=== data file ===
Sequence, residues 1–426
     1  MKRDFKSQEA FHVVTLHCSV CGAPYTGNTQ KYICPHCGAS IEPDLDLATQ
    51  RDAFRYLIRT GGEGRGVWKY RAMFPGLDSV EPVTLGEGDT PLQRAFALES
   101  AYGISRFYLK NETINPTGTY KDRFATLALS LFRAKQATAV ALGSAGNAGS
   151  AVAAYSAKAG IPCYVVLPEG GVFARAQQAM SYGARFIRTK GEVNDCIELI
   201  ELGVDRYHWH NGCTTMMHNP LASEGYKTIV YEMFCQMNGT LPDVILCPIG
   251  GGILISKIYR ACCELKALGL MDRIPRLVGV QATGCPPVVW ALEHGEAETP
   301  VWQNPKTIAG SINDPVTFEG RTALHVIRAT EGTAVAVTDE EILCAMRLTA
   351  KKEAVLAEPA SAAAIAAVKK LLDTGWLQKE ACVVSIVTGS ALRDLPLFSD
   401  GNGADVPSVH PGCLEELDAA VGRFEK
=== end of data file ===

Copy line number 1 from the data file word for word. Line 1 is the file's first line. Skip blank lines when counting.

Sequence, residues 1–426